WDSE Cooks - R is for Rhubarb

Share this:

Forward

Fill out the form below to share this page with your friends.

Enter multiple addresses on separate lines or separate them with commas.
(Your Name) has forwarded a page to you
(Your Name) thought you would like to see this page from the WDSE•WRPT web site.

Would you call it sweet; or would you call it sour? Would you use it in a beverage or bars, cheesecakes or chutneys, or sauces and syrups? “IT” is the focus of WDSE Cooks classic special “R” is for Rhubarb, featuring a wide variety of recipes focusing on this very hardy plant. Please join WDSE Cooks host Juli Kellner for “R” is for Rhubarb. A host of talented cooks from across our region prepare their favorites from Ely to Finlayson and Grand Marais to Hayward! Enticing recipes included Gingered Rhubarb Jam, Rhubarb Stuffed Pork Chops, Rhubarb Daiquiri, Roasted Rhubarb, Sticky Rhubarb Muffins, Rhubarb Slush, and many, more.

Air sates:

PBS North:
Saturday, June 2 at 12pm
Sunday, June 10 at 12pm

Create:
Sunday, June 3 at 1pm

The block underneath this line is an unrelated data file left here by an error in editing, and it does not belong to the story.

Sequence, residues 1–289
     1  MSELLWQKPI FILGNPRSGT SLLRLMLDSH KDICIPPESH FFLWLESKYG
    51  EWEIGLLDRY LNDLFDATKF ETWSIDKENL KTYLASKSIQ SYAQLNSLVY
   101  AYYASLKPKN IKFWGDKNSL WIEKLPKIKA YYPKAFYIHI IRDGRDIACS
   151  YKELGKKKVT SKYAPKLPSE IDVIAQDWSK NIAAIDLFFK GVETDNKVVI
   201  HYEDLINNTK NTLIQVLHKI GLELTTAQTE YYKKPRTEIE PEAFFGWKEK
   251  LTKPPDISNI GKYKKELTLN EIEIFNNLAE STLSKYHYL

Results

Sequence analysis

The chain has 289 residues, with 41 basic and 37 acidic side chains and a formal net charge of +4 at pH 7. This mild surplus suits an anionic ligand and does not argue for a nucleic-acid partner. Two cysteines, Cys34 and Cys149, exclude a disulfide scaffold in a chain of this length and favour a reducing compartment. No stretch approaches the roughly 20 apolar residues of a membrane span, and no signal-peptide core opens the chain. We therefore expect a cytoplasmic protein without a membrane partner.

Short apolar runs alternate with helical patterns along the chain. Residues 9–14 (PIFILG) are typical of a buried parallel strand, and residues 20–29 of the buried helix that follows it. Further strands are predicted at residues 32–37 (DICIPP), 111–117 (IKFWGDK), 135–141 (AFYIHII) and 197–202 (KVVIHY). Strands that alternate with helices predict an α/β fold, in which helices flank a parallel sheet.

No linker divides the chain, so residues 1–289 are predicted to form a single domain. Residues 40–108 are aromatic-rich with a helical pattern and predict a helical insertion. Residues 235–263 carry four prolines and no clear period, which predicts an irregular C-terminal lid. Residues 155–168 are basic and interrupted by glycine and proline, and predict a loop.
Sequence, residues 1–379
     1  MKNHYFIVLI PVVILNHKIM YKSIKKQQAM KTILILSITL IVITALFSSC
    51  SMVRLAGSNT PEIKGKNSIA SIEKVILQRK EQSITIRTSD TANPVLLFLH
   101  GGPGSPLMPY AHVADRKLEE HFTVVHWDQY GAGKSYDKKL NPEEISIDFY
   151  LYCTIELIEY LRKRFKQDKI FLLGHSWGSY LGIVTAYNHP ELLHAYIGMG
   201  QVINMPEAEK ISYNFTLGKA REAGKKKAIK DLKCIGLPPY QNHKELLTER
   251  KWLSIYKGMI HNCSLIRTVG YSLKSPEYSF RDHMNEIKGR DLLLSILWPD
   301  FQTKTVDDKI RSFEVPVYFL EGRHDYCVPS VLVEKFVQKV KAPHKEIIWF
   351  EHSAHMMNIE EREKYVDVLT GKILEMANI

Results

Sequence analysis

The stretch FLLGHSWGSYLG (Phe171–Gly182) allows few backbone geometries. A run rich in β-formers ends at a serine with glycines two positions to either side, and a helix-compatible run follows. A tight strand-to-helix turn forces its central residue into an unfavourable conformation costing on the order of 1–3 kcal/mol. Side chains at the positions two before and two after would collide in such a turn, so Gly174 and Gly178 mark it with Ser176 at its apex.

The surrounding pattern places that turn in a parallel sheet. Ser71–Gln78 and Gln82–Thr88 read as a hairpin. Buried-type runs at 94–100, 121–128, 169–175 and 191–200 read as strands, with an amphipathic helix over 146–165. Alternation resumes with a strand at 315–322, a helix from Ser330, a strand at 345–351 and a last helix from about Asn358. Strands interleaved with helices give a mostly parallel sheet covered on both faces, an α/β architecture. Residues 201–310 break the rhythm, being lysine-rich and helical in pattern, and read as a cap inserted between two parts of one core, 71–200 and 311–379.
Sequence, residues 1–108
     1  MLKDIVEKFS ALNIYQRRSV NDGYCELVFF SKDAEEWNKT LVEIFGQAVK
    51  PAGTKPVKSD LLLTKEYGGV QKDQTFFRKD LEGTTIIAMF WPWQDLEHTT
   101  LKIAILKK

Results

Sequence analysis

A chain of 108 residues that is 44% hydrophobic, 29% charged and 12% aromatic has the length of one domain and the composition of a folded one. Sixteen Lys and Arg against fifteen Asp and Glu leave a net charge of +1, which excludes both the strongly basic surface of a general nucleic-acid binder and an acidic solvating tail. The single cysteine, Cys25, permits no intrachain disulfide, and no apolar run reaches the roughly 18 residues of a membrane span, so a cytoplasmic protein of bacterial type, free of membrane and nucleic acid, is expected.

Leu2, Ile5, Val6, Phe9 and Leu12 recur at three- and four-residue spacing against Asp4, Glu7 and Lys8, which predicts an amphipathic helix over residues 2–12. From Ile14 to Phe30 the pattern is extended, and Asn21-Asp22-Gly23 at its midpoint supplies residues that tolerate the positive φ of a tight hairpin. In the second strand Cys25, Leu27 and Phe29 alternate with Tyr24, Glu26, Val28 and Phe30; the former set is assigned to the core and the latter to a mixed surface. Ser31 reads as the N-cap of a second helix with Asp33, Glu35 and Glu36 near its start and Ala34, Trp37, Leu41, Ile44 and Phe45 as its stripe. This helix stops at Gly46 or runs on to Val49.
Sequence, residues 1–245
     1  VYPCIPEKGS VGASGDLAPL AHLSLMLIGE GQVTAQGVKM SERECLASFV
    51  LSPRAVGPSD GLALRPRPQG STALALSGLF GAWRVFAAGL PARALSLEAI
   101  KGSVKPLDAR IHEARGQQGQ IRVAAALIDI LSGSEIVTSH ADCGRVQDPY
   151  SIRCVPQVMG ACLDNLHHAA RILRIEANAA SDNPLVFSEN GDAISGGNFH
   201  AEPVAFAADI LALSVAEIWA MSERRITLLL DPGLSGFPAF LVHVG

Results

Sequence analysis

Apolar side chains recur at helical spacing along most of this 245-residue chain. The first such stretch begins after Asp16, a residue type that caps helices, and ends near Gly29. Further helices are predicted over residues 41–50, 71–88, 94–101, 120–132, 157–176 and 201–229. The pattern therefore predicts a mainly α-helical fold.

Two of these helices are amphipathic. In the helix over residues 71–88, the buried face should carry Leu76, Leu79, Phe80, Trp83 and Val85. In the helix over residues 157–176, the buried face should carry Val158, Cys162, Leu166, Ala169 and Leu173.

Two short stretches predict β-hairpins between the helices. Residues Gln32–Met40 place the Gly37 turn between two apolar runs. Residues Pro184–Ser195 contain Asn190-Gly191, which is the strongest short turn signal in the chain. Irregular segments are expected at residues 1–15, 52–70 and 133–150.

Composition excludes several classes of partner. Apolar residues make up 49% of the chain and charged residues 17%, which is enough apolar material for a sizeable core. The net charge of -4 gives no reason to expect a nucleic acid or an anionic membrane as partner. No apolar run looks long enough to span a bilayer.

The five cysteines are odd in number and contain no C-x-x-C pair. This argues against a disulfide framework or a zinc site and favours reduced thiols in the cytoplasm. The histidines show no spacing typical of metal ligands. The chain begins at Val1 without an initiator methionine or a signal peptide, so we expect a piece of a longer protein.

Tuesday June 5 at 6:30pm
Saturday, June 9 at 12pm

Rhubarb Trivia:

Fruit or Vegetable? Do you know the plant with the big green leaves and a long red stalk, Rhubarb, (Rheum officinale Baillon) is a very undemanding perennial vegetable? Wrongly, Rhubarb is often counted among the fruit species. This is due to its sour, fruity taste and the fact that it is mainly used for desserts.

The origin of the large leaved vegetable is Asia. It belongs to the class of the knotweed family (Polygonaceae) as well as sorrel (Rumex acetosa). A positive effect on the cardiovascular system, Rhubarb contains elements like magnesium, iron, phosphorus and iodine. You only eat the stems of the rhubarb. Remove the leaves immediately and throw them on your compost.

Bon Appétit!